Income by a person or a company from the provision of qualifying professional services to an offshore
company in Labuan is exempt from tax up to the equivalent of 65 percent of the adjusted income from
that source. There is no withholding tax on royalties, interest, technical or management fees and divi-

                                                                                                                    Offshore Financial Services Guide 2005-06
dends paid by a Labuan offshore company to a non-resident or another offshore company nor is there
stamp duty on transfer of shares and on instruments executed by an offshore company in connection
with offshore business. There are no sales taxes, import duties, excise duties or export duties except for
petroleum and petroleum products.

Benefits of double tax agreements
    In spite of its offshore status, Labuan is able to benefit from access to the more than 50 DTAs con-
cluded by Malaysia. Malaysian Kuih Lapis, a Malay expression for a layered cake, is an example of how
these DTAs make Labuan attractive for offshore investment holding business. Briefly, the Malaysian
Kuih Lapis is a Labuan offshore company, incorporated under the Offshore Companies Act 1990, having
a wholly-owned subsidiary which is a Malaysian domestic company, incorporated under the (domestic)
Malaysian Companies Act 1965. By interposing a Malaysian Kuih Lapis between two foreign companies
and a Malaysian domestic company, withholding taxes dividends would be reduced or eliminated from
any of the layers. At the same time income can be passed on without further attracting any local tax
liability. Malaysia has signed investment guarantee agreements with more than 60 countries, providing
additional protection against nationalisation of investment undertaken in Labuan.

Islamic financial services give Labuan special appeal
   Total Islamic assets (including those of conventional offshore banks that offer Islamic financial windows)
increased by 13.8 percent to US$678.7 million. Total deposits continued to record an upward trend, in-
creasing by 54.4 percent to US$304.1 million in 2004. Total financing facilities outstanding increased from
US$338.4 million in 2003 to US$409.4 million in 2004, of which 71.4 percent was extended to non-residents.
   Labuan's big breakthrough came in 2002 when Malaysia's US$600 million of Global Islamic Trust
Certificates or Sukuk was listed on the LFX and in Luxembourg. In 2004 LFX signed a memorandum of
understanding with Bahrain's Islamic International Financial Market allowing Labuan to tap into the
Middle Eastern market with its big potential. Since then LFX has listed the first government Sukuk of
Qatar and one from the kingdom of Bahrain, both suggesting that Labuan has an important future in
helping to facilitate Islamic capital markets.
                                                               Main reference: LOFSA 2004 Annual Report
Contacts: Foo Chee Thong, General Manager, Portcullis TrustNet (Labuan) Ltd.
Tel + 60 87 451310/439191, fax + 60 87 451311/439193; email
Address Level 6(D) Main Office Tower, Financial Park Labuan Complex, Jalan Merdeka, P.O. Box 80887, 87018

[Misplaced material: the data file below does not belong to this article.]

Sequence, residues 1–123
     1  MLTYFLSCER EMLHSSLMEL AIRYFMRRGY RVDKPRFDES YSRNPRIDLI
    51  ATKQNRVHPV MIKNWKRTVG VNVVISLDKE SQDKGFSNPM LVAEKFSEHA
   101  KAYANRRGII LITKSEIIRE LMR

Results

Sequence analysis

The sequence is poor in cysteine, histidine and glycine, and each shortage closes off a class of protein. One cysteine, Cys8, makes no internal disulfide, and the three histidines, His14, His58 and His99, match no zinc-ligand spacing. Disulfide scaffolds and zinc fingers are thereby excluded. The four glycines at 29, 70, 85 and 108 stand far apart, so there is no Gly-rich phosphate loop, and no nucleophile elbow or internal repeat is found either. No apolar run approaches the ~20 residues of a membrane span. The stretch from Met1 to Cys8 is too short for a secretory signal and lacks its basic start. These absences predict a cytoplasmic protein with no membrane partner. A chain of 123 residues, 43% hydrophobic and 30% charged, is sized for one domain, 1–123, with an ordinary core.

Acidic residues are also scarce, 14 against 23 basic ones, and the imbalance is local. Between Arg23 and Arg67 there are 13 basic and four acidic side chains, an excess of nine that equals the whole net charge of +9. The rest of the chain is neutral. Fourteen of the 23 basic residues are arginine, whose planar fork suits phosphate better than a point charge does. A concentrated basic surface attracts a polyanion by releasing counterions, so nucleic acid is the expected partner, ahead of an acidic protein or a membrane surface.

Labuan F.T., Malaysia.

                                                                                                                   Marshall Islands
                     Population:            60,000 (July 2005)
                     Currency:              US dollar
                     Language:              English
                     Time zone:             GMT plus 12
                     Centre’s expertise:    Offshore centre whose law borrows from both the US (Delaware) and UK

General requirements
Type of entity                              IBC
Type of law                                 Common Law
Shelf company available                     Yes
Time to establish a new company             One working day
Minimum cost                                US$450
Annual fees                                 Annual licence fee of US$450
Taxation                                    Nil
Double taxation agreements                  None
Forex restrictions                          None
Language & name restrictions on companies   Must be in Roman characters but any language

Share capital
Permitted currencies                        US dollar
Minimum paid up                             One share of par value
Usual authorised capital                    US$50,000

                                                                                                                       Offshore Financial Services Guide 2005-06
Directors and personnel
Minimum number                              1
Local required                              No
Company secretary & qualifications          Yes

Shareholders and AGM
Minimum number                              1
Disclosure requirements                     No
Publicly accessible records                 No
Obligations for annual meetings             Yes
Location of AGM                             Anywhere

Requirement to prepare                      No
Audit requirements                          No
Account filing obligations                  No
Publicly accessible accounts                No

Requirements to file annual return          No
Change in domicile permitted                Yes
Need for registered office                  Yes